Herbicide-Resistant Weed Seeds Contaminate Grain Sown in the Western Australian Grainbelt
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Preventing the introduction of weeds into the farming system through sowing of clean seeds is an essential component of weed management. The weed seed contamination of cleaned grain and herbicide resistance levels of the recovered weed seeds were examined in a study conducted across 74 farms in the Western Australian grainbelt. Most farmers grew and conserved their own crop seed. The majority of cleaned samples had some level of seed contamination from 11 foreign weed and volunteer crop species, with an average of 62 seeds 10 kg−1 grain, substantially higher than the 28 seeds 10 kg−1 grain expected by farmers. The most common weed contaminants across all samples were rigid ryegrass, wild radish, brome, and wild oat.When categorized by crop type, rigid ryegrass was the most frequent contaminant of cereal crops (barley and wheat), however wild radish was the most frequent contaminant of lupin crops. Uncleaned crop seed samples had almost 25 times more contamination than cleaned crop seed. Herbicide resistance was highly prevalent within rigid ryegrass populations recovered from cleaned grain except for glyphosate, which controlled all populations tested. Some resistance was also found in wild radish and wild oat populations; however, brome was susceptible to fluazifop. This study has shown that farmers are unknowingly introducing weed seeds into their farming systems during crop seeding, many of which have herbicide resistance.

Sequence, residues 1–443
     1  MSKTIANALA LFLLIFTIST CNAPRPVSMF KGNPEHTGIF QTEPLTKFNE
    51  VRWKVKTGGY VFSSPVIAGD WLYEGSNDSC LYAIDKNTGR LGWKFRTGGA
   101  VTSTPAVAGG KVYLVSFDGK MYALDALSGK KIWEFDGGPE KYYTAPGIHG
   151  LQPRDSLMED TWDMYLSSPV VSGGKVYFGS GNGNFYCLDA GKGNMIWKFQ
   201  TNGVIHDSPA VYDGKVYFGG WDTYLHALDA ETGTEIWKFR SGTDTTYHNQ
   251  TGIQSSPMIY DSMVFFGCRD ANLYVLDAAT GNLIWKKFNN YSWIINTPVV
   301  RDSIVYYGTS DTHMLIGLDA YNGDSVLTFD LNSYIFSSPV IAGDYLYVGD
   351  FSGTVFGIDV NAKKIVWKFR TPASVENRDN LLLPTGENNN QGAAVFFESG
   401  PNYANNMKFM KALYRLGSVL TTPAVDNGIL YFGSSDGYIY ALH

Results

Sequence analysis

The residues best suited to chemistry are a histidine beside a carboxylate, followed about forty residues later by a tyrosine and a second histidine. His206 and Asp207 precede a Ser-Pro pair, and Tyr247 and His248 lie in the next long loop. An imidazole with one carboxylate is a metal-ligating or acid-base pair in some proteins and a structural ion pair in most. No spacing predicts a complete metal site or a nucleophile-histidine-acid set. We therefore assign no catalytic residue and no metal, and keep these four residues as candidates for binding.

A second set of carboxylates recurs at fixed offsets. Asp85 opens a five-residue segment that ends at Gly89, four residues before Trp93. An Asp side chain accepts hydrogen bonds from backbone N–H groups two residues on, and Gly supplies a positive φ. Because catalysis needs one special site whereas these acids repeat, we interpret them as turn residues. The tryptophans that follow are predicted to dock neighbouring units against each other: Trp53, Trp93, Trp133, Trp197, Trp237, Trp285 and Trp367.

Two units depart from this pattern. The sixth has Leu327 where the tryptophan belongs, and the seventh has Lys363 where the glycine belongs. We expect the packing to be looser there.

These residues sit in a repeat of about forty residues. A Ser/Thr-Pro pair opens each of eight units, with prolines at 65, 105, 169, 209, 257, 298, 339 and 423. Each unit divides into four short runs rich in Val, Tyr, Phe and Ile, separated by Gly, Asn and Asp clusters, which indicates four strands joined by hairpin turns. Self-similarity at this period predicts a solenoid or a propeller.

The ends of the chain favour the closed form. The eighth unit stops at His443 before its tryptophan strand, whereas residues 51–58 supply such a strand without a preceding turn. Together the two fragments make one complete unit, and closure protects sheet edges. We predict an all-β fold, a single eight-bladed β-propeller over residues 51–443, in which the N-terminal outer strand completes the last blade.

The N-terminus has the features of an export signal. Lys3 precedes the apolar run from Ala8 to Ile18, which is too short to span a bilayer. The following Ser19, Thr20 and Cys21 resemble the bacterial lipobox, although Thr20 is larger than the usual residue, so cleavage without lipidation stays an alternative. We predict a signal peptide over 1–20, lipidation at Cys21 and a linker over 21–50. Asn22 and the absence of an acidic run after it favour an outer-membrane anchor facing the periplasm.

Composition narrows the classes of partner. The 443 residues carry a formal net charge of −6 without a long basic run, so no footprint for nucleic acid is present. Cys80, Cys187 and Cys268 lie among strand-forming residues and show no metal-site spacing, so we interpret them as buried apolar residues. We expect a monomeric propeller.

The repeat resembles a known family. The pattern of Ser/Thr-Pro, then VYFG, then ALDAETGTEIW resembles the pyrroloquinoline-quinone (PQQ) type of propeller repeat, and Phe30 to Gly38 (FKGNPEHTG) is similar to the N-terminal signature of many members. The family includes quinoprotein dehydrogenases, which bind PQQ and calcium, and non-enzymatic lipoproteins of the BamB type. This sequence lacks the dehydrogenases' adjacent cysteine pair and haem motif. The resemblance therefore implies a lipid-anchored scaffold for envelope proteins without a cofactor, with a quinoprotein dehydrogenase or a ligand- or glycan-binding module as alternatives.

Published by the Weed Science Society of America, Allen Press Publishing.
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